HomepageISTEEdSurge
Skip to content
ascd logo

Log in to Witsby: ASCD’s Next-Generation Professional Learning and Credentialing Platform
Join ASCD
February 1, 2017
Vol. 74
No. 5

Show & Tell: A Video Column / Modeling Disciplinary Thinking

author avatar
author avatar
These teachers apprentice students into thinking like historians.

Curriculum
Show & Tell: A Video Column / Modeling Disciplinary Thinking thumbnail
Joanna Schaefer and Javier Vaca often combine their two history classes so that students can observe how historians wrestle with ideas. As Ms. Schaefer says, "When Mr. Vaca and I are in the room together, we can have a conversation that's similar to what historians really do. We consider different perspectives and respond to the statements that the other person makes. It's really a give-and-take. We hope that as our students experience this, they'll naturally start thinking like historians on their own."
In the video that accompanies this column, we visit the teachers' combined 11th grade classes and observe as they demonstrate for students how historians explore primary sources. As part of this lesson, the students examine three documents related to the struggle to obtain voting rights for women in the United States in the early 20th century. The two teachers model their analysis of the first document (an advertisement depicting the vote on women's suffrage as a choice between "the home or the street corner for women").
Students collaboratively read the second and third documents: a 1912 article from an anti-suffrage newspaper, The Woman's Protest Against Woman's Suffrage; and congressman John A. Moon's speech in the House of Representatives on January 10, 1918, in which he played on both racist and patriotic sentiments to oppose suffrage. By the end of the class, students are ready to write with a new understanding of the views that were mainstream at a specific point in history.
Ms. Schaefer and Mr. Vaca are demonstrating a powerful strategy for teaching disciplinary literacy—teacher modeling. To make the most of this strategy, teachers need to do two things: understand the specific aspects of thinking in their discipline, and make sure to turn the thinking over to students.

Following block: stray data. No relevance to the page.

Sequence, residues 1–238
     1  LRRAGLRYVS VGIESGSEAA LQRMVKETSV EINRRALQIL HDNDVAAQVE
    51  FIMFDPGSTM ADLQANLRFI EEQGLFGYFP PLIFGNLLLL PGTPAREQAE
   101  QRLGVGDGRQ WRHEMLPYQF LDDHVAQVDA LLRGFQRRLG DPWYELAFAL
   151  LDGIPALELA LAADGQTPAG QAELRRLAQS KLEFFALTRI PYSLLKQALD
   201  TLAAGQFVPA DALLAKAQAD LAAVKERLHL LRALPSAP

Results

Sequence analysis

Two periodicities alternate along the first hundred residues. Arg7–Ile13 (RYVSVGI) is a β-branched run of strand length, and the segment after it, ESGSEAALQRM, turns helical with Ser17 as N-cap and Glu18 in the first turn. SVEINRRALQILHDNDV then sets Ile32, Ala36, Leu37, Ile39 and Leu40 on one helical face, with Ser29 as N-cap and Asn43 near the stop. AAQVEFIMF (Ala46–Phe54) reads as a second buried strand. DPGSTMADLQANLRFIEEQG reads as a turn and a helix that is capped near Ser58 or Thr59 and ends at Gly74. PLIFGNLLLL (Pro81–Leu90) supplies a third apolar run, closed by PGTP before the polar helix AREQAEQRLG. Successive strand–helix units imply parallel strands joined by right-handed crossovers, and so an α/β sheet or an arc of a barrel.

Understand the Thinking in Your Discipline

As several articles in this issue have noted, thinking like a historian is different from thinking like a scientist, a literary critic, a mathematician, an artist, or a fitness expert. As teachers model, they should consider these differences and plan for students to be apprenticed into the specific thinking of their discipline. For example, when analyzing literature, professionals look at such elements as
  • Author's craft (the choices an author made, including genre, type of narrator, and literary devices).
  • Theme (the underlying message or big idea that indicates the author's belief about life, as well as how this message relates to universal themes that transcend culture and language to explore the human experience).Historians, in contrast, are more likely to engage in such cognitive practices as
  • Sourcing (examining who produced the document and how that source affects the document's viewpoint and reliability).
  • Corroborating (reading across multiple documents to identify points of agreement and disagreement).
  • Contextualizing (considering the document in historical context, including when it was written, where, and what else was happening at the time).
Ms. Schaefer and Mr. Vaca focus on two of these disciplinary practices as they model how to think like a historian: sourcing and contextualizing. They also demonstrate more general literacy tools, such as annotating and asking questions. As the students work collaboratively, they engage in the same processes their teachers used, but with different texts. Over time and with practice, discipline-specific thinking becomes a habit.

Encourage Students to Think Along with Teachers